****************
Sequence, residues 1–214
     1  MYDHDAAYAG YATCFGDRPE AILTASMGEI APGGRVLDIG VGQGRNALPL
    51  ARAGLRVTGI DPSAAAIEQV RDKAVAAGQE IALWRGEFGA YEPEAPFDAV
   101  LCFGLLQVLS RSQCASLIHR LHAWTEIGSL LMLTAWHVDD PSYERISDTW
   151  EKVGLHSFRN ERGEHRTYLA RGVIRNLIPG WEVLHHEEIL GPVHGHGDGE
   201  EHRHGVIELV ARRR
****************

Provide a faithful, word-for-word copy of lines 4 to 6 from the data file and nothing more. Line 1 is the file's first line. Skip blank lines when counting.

   101  LCFGLLQVLS RSQCASLIHR LHAWTEIGSL LMLTAWHVDD PSYERISDTW
   151  EKVGLHSFRN ERGEHRTYLA RGVIRNLIPG WEVLHHEEIL GPVHGHGDGE
   201  EHRHGVIELV ARRR